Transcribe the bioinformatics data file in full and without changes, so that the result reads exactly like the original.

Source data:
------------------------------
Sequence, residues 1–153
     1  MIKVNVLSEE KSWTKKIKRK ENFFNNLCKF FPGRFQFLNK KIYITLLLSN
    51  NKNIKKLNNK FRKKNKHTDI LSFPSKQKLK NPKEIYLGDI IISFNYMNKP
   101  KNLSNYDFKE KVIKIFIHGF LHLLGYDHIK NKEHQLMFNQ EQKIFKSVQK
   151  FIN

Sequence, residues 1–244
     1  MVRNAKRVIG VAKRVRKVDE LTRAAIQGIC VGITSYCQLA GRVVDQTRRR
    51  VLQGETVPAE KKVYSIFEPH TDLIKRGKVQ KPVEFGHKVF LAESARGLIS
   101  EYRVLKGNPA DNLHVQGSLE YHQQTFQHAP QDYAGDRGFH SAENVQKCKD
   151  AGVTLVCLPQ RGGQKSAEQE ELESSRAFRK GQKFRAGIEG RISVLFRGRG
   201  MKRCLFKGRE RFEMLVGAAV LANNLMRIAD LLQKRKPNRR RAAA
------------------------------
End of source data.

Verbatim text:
Sequence, residues 1–153
     1  MIKVNVLSEE KSWTKKIKRK ENFFNNLCKF FPGRFQFLNK KIYITLLLSN
    51  NKNIKKLNNK FRKKNKHTDI LSFPSKQKLK NPKEIYLGDI IISFNYMNKP
   101  KNLSNYDFKE KVIKIFIHGF LHLLGYDHIK NKEHQLMFNQ EQKIFKSVQK
   151  FIN

Sequence, residues 1–244
     1  MVRNAKRVIG VAKRVRKVDE LTRAAIQGIC VGITSYCQLA GRVVDQTRRR
    51  VLQGETVPAE KKVYSIFEPH TDLIKRGKVQ KPVEFGHKVF LAESARGLIS
   101  EYRVLKGNPA DNLHVQGSLE YHQQTFQHAP QDYAGDRGFH SAENVQKCKD
   151  AGVTLVCLPQ RGGQKSAEQE ELESSRAFRK GQKFRAGIEG RISVLFRGRG
   201  MKRCLFKGRE RFEMLVGAAV LANNLMRIAD LLQKRKPNRR RAAA